Who Owns Scotland?
Land Reform Guidance
Training of Trainers
The Borders Forest Trust - An 'umbrella' organisation co-ordinating the
activities of community-based woodland groups in the Borders
The Borders Forest Trust (BFT) is an environmental charity that was formed in January
1996 by a group of people living and working in the Scottish Borders. The trust was
established to enable the development of a range of integrated environmental, social and
economic projects that would contribute towards the restoration of the area's native
woodland heritage and the development of a new community-based woodland culture.
BFT works in partnership with community groups, agencies, NGOs and individuals, and is
managed by a board of twelve membership-elected Trustees and a team of six staff, the
majority of whom have been involved in the project in some way since the trust was
established. The trust owns land in the Scottish Borders and has also bought land recently
in Dumfries and Galloway. The trust also manages land in partnership with farmers,
landowners, the Forestry Commission and community groups across the south of Scotland.
This case study aims to highlight the achievements of the trust to date, the key
factors which have influenced its development, and the lessons learned in terms of the
future development of the trust and community-based social landownership in the area.
The economy of the Scottish Borders is traditionally based on farming, textiles,
tourism, fishing and commercial forestry, industries which have faced economic decline
across the whole of rural Scotland in recent years. The majority of the 100,000 population
live in rural towns and villages, and a significant area of land is owned by large
estates. The region has the lowest percentage of ancient woodland and near-natural
woodland land cover in Scotland and exports around 90 per cent of its hardwood timber to
be processed elsewhere.
The roots of BFT and the social landownership movement in the Borders can be traced
back to1987, when a community group - Borders Community Woodlands (BCW) - purchased
Wooplaw woods, a 23 hectare mixed woodland located between Lauder, Galashiels, Stow and
The Wooplaw project was initiated when the late Tim Stead, a furniture-maker and
artist, decided he wanted to help restore, as well as use, the local woodland resource. He
began making carved hardwood axe-heads in 1986 to raise money to purchase an area of land
in the Borders to plant trees. The publicity for Tim's project attracted people from the
Scottish community woodland movement, such as Alan Drever and Donald McPhilimy, who
suggested the idea of creating a community woodland in the Borders. This led to the
formation of BCW by a local group of people to take the project forward. Wooplaw came on
the market in 1987 and was purchased by BCW within three months, after a public meeting in
Melrose, in which David Bellamy participated significantly, raised the level of local
support for the project. The purchase was made possible by the proceeds of Tim's axe-head
sales, by grants from the Worldwide Fund for Nature (WWF), the Countryside Commission for
Scotland (now replaced by Scottish Natural Heritage),and charitable trusts, and by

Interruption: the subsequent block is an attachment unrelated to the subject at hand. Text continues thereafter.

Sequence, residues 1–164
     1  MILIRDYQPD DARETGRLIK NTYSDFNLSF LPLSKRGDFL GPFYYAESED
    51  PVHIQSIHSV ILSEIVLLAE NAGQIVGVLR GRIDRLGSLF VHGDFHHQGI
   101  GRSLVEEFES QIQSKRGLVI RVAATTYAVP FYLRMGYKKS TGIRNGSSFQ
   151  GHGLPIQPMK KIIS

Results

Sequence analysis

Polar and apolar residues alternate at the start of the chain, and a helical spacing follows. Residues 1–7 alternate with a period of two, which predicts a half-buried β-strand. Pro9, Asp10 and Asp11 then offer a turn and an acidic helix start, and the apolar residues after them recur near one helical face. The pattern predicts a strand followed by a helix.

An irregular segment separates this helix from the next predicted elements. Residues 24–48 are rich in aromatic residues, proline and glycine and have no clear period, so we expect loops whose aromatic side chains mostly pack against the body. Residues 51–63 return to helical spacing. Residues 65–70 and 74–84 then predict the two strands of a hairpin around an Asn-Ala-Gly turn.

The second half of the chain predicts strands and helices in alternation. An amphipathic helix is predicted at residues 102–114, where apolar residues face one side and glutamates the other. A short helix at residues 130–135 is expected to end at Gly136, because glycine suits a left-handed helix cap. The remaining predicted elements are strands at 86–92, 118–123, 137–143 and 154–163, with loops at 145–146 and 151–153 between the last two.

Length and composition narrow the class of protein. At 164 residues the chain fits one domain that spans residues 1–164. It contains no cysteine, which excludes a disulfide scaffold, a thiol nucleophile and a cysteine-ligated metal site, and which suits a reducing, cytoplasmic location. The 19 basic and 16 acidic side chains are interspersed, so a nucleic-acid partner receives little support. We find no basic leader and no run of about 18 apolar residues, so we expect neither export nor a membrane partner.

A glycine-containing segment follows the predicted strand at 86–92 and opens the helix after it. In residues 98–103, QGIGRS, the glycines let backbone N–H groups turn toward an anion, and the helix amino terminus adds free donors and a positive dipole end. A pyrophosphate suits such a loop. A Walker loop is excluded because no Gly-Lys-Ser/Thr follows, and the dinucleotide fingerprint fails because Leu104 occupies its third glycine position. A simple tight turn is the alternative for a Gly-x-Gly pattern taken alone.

donations from members of the public. WWF have since said they were aware they were taking
a risk when they gave a grant to BCW - a relatively unknown community group with no track
Wooplaw Community Woodland is a successful and productive community woodland which has
been used locally and nationally as a demonstration of the positive benefits of community
land ownership. The woods have enabled local people to learn and share woodland management
and woodland craft skills. Volunteers have planted thousands of native trees, built a log
cabin and a round house, excavated two ponds and developed a network of
wheelchair-friendly paths. Regular children's activity days, work days, arts events,
crafts events and walks take place. The woods are not managed by one geographic community
- members of the management committee come from the surrounding towns and villages of
Melrose, Galashiels, Stow, Lauder, Blainslie, Earlston and further afield. Members of the
original core group of people who were involved in the purchase of the woods are still
involved in the management of the woods today, but over the years many other people have
joined the project and given it renewed energy and direction.
The momentum created by the Wooplaw project was increased when a community group called
Peebles-shire Environmental Concern organised the 'Restoring Borders Woodland' conference
in 1993. The conference was attended by 130 people who were enthusiastic about the
benefits of, and the need for, the restoration of native woodlands in the area, and also
about the need for community decision-making in relation to land management issues. At the
same time the Campaign for the Future of the Border Hills also contributed to the raising
of local awareness, focusing people's minds on the need for change away from unsustainable
land use practices in the uplands.
|In 1994 Tim Stead and Eoin Cox, who was also heavily involved in BCW,
formed 'No Butts'2, and developed a proposal to establish a Borders Environmental Resource
Centre to provide a focal point for promoting environmental restoration projects,
community decision-making and the sustainable use of woodland resources in the region.
Development funding for the project was secured from Scottish Natural Heritage (SNH) and
Scottish Borders Enterprise, and this allowed Tim and Eoin, and others, to work on project
ideas which would later become the core projects of the BFT.
|A butt is a section of a felled tree. "No Butts" embraced the
idea that there should be no more excuses: that the natural and human and potential of the
Borders had to be developed.
The ultimate impetus for the formation of the BFT emerged in response to the
development in 1995 of the Millennium Forest for Scotland (MFS) project, which planned to
secure significant Millennium Lottery funding for native woodland projects across
Scotland. This created a new focus to bring together the groups and individuals already
involved in woodland activities in the area. As a result much-discussed project ideas were
re-considered, in the knowledge that there was a realistic chance of funding being made
available to pull them together under one umbrella initiative.